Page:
For the third year in a row, with cowbells and whistles sounding at the end of every 50-minute lap, the USA Pro Challenge made its case as a cornerstone of Aspen’s summer lineup.
An hour before the race, Main Street Bakery & Café, which is about 300 feet from the starting line, was buzzing with customers, most of whom were readying themselves for the spectacle.
But owner Bill Dinnsmoor said business is typically busy this time of year, with or without the Pro Challenge. If anything, he said, the race hurts business. He was also weary of street closures.
“I’ve got a lot of employees scratching their heads, wondering how they’re going to get to their second jobs” in Basalt and Carbondale, said Dinnsmoor.
Marcel Mulvany, who works at the Wild Fig on Hyman Avenue, said the Pro Challenge crowd is almost the opposite of what he sees during Food & Wine, when business “explodes.”
“I would say less business. Certainly not more,” Mulvany said of the Pro Challenge.
Mulvany took a guess that a business like Grateful Deli, which sells $8 sandwiches on Main Street, might see a jump in business from the race.
He was right: By 4 p.m., there was a sign outside the deli informing customers that the store was closed. Race spectators had cleaned them out.
Some see the Pro Challenge as a showcase for Colorado and its outdoor offerings.
Dan Grunig, director of Bicycle Colorado and a member of the advisory board that brought the race to Aspen, said the helicopter views aired on NBC in more than 200 foreign countries are “huge” for tourism.
“When people are deciding on their tourism purchases now, they’re looking for lots of different things to do,” Grunig said. “We want to go rafting, we want to go biking, we want to go golfing, we want to go hiking, and we want to go shopping. Colorado kind of highlights all of that.”
Aspen, a host to two starts and one finish this year, is “when everyone tunes in and starts paying attention,” Grunig said.
Dinnsmoor, though, worries about the financial stability of the event. Citing the failure to retain sponsorship in two previous races in Colorado — the Red Zinger Bicycle Classic (1975-79) and the Coors Classic (1980-88) — he said companies footing the bill could walk away at any moment. He also voiced concerned over the way money from the event is handled.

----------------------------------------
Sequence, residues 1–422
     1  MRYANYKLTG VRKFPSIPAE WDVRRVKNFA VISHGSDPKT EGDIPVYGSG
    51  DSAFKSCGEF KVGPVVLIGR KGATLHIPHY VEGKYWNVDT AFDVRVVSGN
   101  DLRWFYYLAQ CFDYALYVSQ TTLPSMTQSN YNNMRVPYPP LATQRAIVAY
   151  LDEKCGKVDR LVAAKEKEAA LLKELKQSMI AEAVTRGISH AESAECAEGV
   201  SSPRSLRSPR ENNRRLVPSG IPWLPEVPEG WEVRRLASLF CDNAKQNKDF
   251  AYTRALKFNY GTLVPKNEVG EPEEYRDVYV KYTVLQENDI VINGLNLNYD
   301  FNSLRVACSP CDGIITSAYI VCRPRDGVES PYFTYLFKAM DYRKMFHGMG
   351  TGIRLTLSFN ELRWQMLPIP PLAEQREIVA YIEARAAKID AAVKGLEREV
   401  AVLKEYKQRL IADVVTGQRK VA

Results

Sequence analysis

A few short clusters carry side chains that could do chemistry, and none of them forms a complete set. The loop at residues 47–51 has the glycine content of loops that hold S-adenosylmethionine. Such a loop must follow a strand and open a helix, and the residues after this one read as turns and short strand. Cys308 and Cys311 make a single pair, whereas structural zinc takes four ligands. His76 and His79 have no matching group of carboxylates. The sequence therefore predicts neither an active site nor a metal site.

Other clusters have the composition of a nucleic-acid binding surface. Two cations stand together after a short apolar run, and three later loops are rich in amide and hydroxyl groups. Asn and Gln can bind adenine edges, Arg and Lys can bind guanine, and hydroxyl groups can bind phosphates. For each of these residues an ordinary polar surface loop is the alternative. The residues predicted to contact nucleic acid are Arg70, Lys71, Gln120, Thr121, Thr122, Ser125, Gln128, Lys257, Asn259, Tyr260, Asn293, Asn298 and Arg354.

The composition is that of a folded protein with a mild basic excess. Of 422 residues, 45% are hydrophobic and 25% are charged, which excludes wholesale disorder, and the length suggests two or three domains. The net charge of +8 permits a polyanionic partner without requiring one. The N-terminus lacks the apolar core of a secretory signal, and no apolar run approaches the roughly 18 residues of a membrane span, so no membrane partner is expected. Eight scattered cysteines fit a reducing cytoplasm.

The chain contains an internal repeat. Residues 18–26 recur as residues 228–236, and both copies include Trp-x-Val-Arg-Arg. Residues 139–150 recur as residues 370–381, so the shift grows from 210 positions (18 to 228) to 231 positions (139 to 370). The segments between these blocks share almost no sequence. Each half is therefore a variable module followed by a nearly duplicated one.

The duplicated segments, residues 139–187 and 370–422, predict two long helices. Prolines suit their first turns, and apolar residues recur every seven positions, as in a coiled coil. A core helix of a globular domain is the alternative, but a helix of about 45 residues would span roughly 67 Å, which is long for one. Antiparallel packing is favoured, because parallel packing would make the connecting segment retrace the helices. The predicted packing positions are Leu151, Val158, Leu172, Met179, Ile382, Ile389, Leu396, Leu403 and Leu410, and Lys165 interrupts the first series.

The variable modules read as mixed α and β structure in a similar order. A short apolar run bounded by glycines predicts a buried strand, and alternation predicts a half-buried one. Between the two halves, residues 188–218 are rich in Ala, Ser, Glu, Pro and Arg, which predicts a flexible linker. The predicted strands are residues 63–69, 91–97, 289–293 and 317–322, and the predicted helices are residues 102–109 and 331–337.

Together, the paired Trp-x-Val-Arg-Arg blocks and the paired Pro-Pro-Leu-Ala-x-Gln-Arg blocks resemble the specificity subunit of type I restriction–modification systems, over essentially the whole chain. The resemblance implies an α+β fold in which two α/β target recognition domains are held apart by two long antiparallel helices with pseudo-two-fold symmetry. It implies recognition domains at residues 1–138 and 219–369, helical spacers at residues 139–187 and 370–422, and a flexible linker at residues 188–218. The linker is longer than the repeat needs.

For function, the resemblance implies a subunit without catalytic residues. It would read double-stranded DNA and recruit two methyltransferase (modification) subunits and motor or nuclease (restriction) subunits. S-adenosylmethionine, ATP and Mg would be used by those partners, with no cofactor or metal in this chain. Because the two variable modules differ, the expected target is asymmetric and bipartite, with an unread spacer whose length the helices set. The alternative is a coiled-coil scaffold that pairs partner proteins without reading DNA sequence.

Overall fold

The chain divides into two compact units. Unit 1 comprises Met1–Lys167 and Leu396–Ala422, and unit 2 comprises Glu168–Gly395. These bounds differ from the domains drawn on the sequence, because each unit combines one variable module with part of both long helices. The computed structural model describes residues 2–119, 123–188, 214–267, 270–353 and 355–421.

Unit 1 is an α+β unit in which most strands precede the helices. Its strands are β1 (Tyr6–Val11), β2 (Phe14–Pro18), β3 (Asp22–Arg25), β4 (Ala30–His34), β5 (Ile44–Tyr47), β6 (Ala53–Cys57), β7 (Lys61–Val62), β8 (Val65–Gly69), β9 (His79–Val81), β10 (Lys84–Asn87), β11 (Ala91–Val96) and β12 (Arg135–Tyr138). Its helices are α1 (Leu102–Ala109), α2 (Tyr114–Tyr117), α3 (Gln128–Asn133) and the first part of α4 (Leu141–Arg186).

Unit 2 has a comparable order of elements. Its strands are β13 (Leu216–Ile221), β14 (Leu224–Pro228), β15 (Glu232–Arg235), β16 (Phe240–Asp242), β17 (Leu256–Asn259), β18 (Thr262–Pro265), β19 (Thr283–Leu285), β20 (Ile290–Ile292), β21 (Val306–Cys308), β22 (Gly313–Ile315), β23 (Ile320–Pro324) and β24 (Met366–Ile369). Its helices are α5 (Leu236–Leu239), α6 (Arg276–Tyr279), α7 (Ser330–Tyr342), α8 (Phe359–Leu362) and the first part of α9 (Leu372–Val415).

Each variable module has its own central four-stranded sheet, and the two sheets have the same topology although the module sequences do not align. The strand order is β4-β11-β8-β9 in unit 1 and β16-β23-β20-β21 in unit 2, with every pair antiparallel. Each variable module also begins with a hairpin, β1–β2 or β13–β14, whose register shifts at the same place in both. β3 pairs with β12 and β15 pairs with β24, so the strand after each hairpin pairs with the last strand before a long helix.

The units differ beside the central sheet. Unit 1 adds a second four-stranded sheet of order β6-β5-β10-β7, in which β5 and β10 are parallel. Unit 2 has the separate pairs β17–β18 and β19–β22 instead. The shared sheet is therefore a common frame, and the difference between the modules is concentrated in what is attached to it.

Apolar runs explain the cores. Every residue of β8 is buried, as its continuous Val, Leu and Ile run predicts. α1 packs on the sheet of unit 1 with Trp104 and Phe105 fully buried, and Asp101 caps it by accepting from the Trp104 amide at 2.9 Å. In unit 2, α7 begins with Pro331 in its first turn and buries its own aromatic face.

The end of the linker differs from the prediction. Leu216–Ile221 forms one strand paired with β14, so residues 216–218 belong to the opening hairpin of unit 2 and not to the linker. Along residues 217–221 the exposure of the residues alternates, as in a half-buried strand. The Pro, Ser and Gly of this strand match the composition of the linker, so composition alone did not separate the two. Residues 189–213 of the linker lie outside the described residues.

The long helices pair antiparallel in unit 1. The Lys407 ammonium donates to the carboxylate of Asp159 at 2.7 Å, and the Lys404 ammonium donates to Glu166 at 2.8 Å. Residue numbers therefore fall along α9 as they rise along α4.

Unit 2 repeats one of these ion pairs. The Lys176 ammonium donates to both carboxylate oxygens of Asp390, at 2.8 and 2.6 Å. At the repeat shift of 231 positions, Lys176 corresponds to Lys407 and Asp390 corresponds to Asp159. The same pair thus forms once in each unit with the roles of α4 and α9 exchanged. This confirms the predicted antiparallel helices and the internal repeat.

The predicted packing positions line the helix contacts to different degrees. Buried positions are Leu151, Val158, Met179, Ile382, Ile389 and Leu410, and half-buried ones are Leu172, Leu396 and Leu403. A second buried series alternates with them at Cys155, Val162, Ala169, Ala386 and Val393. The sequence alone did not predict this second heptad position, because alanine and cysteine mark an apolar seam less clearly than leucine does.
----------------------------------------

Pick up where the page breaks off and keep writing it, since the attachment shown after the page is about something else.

“I don’t have a problem with the race. I have a problem with this sort of black box, of putting money into this, and there’s no accountability of where the money goes,” he said. “Do you know where the money goes? Does anybody know where the money goes?”
State representative for District 57, Bob Rankin, was at the starting line during the race. He said it’s hard to nail down the real value of the Pro Challenge, but he thinks in the long term, it’s one of the best things Colorado can do to promote tourism.
“People hear about the mountains in Aspen and bicycling, and they’ll come here year-round because of that,” he said.
One of those spectators drawn to Aspen was 12-year-old Zane Senft, of Denver, who dressed in a chicken suit for the entirety of the sun-baked event. He said he has been to all three Pro Challenges. This year, he got to see Peter Sagan, the No. 2 rider in the world and eventual winner of the Stage 1 circuit race. Tour de France winner Chris Froome was also in the field. Senft stayed at Difficult campground with his parents on Saturday and plans on following the tour all the way back to Denver, where his family lives.
Bobbie Marshall, of Fort Worth, Texas, was in Aspen to see her niece’s husband, Craig Lewis, of Greenville, S.C., compete. She has followed Lewis all over Europe and America and said that Aspen is one of the most unique spots she’s seen.
“There’s never been a start like this. It is absolutely gorgeous,” Marshall said, pointing to Aspen Mountain and then turning her attention to Jens Voigt and the Radio Shack team as they assembled for the start of the race.
Chris Hill, of Denver, won his trip to Aspen on Facebook. For weeks, he entered his information into a contest for prizes associated with the USA Pro Challenge. The grand prize, which he pocketed, included a ride in a sponsorship car for the first lap of the race as well as hotel accommodation in Aspen.
“Great scenery, great people, great atmosphere. You can tell cycling is very big here,” Hill said as he waited for his car with a bandaged knee.
Last week in Littleton during an amateur race, he took a spill, slamming his knee into a curb and ruining a brand-new pair of shoes. More than the road-rash on his leg, he was upset about the shoes.
“Skin can heal. Shoes don’t,” he said.